Bolling in 1961
Born: November 16, 1931|
|April 13, 1954 for the Detroit Tigers|
Last MLB appearance
|September 15, 1966 for the Atlanta Braves|
|Runs batted in||556|
Career highlights and awards
Frank Elmore Bolling (born November 16, 1931) is a former second baseman in Major League Baseball who played from 1954 through 1966 for the Detroit Tigers (1954, 1956–1960) and the Milwaukee / Atlanta Braves (1961–66). He hit and threw right-handed, and is the younger brother of shortstop Milt Bolling (now deceased).
He reached the majors in 1954 with the Detroit Tigers, playing six seasons with them before moving to the Milwaukee Braves in 1961. He was on the Braves roster when the team moved to Atlanta in 1966.
A fine defensive second baseman, Bolling also averaged 14 home runs from 1957 to 1959, with a career-high 15 in 1957. His most productive season was 1958, when he posted career numbers in hits (164), doubles (27), runs and RBIs (75), and won the Gold Glove Award after leading the American League second basemen in fielding percentage. When his brother Milt was traded to Detroit during the same season, the Bollings became one of only four brother combinations in major league history to play second base / shortstop on the same club. The others are Garvin and Granny Hamner (for the Philadelphia Phillies in 1945), the twins Eddie and Johnny O'Brien with the Pittsburgh Pirates in the mid-1950s, and Cal and Billy Ripken for the Baltimore Orioles during the 1980s.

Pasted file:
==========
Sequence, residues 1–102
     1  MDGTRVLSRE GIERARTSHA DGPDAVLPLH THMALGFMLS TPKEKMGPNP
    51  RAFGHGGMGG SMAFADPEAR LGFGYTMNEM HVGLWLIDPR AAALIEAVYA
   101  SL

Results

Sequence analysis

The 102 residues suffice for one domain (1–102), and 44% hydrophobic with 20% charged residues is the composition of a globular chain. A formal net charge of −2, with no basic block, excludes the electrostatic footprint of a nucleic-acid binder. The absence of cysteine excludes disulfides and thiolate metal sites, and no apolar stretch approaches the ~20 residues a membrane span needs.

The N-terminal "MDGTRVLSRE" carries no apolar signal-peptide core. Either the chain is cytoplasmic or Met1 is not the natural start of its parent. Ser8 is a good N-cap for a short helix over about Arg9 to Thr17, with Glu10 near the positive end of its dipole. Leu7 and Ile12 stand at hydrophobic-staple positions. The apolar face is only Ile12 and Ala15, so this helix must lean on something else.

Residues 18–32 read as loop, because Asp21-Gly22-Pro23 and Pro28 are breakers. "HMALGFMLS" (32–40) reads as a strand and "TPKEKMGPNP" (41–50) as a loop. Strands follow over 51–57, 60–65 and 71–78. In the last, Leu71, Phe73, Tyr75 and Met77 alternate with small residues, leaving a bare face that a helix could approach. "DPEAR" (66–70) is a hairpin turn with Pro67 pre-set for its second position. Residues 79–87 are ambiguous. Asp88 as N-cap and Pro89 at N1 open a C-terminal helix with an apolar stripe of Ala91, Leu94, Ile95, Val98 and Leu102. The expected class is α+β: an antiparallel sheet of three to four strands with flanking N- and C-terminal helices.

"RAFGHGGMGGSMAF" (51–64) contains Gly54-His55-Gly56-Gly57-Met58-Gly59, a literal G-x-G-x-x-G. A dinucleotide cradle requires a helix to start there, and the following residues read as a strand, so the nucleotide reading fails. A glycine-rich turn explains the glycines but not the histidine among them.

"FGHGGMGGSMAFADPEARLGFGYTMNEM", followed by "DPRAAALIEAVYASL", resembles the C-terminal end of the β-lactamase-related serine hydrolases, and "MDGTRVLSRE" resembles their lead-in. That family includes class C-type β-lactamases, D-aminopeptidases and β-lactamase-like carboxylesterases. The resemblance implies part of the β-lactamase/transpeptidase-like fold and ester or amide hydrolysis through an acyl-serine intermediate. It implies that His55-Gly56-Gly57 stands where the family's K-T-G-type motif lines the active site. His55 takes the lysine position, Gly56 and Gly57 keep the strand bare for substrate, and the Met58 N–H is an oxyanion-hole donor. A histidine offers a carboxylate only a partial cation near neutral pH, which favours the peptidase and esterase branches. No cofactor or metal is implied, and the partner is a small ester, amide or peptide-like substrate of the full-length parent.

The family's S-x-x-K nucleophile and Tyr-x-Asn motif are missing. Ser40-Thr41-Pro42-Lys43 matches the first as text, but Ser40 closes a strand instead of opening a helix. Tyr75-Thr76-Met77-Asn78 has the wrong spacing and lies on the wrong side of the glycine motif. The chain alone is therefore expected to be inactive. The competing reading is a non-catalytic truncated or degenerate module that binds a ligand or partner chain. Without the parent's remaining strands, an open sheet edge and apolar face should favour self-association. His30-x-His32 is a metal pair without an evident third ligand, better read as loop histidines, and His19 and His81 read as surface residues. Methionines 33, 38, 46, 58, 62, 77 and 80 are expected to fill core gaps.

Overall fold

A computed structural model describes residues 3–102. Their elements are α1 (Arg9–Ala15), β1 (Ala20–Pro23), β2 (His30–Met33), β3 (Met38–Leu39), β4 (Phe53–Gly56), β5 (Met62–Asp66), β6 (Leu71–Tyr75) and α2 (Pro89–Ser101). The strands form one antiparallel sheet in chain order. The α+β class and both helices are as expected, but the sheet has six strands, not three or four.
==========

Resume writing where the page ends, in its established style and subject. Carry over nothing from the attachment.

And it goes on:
Traded to the Braves for Bill Bruton after the 1960 season, Bolling led National League second basemen in fielding in 1961, 1962 and 1964. He made the National League All-Star team in 1961 and 1962, and also was named on The Sporting News NL All-Star Team in 1961. He never played an inning at any position other than second base, ending with a career fielding mark of .982.
- Four times collected four hits or two home runs in a single game
- Hit a grand slam off Sandy Koufax on September 22, 1965
- Career statistics and player information from Baseball-Reference, or Fangraphs, or The Baseball Cube
- Baseball Library